'Maybe the Carrigaline footballers will now get the respect they deserve?'

Selector Peter Murphy on the next step for Carrigaline after sending Éire Óg into a relegation playoff
'Maybe the Carrigaline footballers will now get the respect they deserve?'

Kevin Kavanagh, Carrigaline holds possession under pressure from Joe Cooper, Éire Óg, in the Premier SFC game at Ballygarvan. Picture: Larry Cummins

SHEER joy for the Carrigaline players, coaching staff and supporters as they edged out Éire Óg in a crucial Bon Secours Premier Senior Football Championship clash at Ballygarvan on Sunday.

Carrigaline looked dead and buried for long periods but after producing a magnificent closing six minutes plus added time they secured their status much to relief of selector Peter Murphy.

“We have a lot of young players coming through and after having a number of injuries this season we finally put in a good shift in a game of huge significance to our club.”

He hopes this win will prove many doubters wrong with their opinion of them competing at this level.

For some strange reason, people feel we are not at the races when it comes to competing at this level but I think if they saw what we produced here to win this game maybe they would have a different opinion.”

All season Carrigaline have struggled to find their A game but Murphy believes this win will give them plenty of belief for the coming years.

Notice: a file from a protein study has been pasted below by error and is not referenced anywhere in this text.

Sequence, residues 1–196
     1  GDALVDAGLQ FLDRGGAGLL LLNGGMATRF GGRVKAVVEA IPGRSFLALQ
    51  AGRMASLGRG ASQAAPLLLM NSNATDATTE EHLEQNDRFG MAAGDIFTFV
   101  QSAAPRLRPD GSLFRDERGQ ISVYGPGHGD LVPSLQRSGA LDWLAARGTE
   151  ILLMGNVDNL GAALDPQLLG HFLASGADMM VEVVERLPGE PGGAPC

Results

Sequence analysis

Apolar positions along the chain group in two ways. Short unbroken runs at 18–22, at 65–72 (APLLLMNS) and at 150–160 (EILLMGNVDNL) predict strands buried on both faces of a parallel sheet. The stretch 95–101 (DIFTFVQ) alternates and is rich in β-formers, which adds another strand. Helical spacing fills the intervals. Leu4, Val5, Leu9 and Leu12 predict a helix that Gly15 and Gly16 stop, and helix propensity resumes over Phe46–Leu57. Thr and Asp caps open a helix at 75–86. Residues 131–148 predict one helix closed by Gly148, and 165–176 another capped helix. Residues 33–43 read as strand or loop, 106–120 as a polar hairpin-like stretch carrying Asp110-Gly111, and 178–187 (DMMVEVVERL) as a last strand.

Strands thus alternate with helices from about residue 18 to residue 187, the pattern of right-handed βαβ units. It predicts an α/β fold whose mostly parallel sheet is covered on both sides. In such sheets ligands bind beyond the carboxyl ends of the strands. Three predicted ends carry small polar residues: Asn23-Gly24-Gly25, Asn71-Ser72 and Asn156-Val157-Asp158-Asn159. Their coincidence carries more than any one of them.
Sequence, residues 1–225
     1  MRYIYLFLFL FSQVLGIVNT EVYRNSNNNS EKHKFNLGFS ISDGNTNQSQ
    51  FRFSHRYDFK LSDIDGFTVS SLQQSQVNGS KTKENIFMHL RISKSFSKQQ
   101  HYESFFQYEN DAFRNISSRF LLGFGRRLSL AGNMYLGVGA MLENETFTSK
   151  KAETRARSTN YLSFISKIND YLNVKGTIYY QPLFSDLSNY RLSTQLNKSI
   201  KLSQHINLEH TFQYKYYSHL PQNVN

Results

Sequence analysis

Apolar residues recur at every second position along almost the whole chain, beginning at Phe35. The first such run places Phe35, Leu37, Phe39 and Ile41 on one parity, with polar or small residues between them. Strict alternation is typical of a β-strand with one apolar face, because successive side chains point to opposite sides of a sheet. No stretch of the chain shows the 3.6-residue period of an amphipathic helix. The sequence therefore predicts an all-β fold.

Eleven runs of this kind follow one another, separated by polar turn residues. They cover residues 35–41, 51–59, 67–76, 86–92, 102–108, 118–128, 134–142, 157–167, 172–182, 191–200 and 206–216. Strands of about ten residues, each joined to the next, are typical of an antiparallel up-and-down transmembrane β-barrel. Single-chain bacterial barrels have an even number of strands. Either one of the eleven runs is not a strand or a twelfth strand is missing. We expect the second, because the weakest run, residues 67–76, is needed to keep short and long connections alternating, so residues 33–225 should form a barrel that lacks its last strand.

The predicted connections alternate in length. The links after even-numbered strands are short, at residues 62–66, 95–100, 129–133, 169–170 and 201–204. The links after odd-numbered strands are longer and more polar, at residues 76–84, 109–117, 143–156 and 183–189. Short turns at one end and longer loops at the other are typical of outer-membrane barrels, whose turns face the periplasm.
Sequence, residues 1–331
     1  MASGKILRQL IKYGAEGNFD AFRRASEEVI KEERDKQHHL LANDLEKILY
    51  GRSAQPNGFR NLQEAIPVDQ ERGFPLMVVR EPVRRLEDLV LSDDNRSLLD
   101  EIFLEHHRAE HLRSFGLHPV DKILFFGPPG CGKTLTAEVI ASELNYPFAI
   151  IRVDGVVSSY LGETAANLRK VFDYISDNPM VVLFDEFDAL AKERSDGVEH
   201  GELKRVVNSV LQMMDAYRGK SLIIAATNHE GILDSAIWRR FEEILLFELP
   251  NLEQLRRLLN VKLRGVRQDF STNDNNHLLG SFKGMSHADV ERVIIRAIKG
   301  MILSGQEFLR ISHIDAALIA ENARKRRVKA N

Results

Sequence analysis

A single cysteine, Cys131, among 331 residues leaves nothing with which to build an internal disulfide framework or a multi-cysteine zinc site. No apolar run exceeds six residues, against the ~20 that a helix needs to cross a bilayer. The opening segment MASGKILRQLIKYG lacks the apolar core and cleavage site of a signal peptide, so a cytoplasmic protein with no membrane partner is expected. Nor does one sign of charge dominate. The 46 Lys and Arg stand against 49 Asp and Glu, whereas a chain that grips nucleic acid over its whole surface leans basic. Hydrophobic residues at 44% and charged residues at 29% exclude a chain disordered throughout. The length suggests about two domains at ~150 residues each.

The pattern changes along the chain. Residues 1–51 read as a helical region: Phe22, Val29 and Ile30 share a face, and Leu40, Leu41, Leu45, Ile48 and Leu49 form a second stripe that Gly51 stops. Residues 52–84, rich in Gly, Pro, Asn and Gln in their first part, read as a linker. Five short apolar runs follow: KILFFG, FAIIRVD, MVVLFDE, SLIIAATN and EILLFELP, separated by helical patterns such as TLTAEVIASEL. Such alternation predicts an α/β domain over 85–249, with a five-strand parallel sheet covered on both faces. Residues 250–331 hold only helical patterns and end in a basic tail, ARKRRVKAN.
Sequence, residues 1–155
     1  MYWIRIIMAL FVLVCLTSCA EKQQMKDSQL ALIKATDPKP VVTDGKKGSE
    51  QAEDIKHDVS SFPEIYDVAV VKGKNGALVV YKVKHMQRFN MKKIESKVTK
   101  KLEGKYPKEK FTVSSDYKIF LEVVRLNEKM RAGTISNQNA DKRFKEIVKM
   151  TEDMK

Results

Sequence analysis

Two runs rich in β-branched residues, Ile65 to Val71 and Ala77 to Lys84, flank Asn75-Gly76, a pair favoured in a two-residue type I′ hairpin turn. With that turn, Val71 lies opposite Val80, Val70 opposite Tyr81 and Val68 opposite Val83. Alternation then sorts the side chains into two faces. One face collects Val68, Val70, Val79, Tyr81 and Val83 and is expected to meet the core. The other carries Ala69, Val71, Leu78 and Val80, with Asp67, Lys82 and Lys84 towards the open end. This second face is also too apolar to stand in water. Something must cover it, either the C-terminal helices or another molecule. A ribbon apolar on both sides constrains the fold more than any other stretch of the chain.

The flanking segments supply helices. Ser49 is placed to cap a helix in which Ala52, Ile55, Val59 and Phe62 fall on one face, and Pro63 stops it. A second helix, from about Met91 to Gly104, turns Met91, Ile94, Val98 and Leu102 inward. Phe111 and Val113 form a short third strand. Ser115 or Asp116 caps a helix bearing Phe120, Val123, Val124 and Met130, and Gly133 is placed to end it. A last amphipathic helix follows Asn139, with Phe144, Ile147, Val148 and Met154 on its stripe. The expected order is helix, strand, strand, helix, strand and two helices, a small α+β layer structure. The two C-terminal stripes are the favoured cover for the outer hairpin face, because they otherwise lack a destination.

“I cannot tell you why these lads lack so much confidence at times because we have some very decent footballers at our club and believe me if they stay at it they will only get better.”

Murphy felt that his team’s never-say-die attitude got them over the line in this crucial encounter.

“In the first half I thought the lads were a little tentative but after some words of advice at the break I firmly believed we had every chance of getting back in this game.”

 Colm O'Callaghan, Éire Óg makes a catch in the air against Carrigaline. Picture: Larry Cummins
Colm O'Callaghan, Éire Óg makes a catch in the air against Carrigaline. Picture: Larry Cummins

In the words of the Carrigaline chief preparations were vital when the game was up for grabs coming down the stretch.

“I thought our attacking play was excellent and although we didn’t excel in the first half we did show flashes of what we worked at in training. Éire Óg to their credit put a lot of pressure on us in the first half but look that wind was worth more than seven points although we didn’t manage to get to grips with them until late in the game.”

The secret to the win was confidence and belief.

“In the end the lads kept going and were rewarded for their brave display as this was a tremendous performance against all the odds.”

HUGE POTENTIAL

Carrigaline is a town with huge potential and Murphy believes the club will benefit in the coming years.

“Look I played long enough and I know the score but this is a serious group of players and despite getting good trimmings from the Barrs and Nemo Rangers in the last couple of seasons these games will stand to the lads.

“At the moment if we are down a couple of key players we can be exposed as this is a great championship with some fabulous clubs and players and we want to be part of it on an annual basis.”

For Éire Óg, having made the quarter-final last year in their first season at the top level, they must now beat Newcestown to avoid the drop to Senior A. Their hurlers are also in a relegation final in the PIHC against Youghal.

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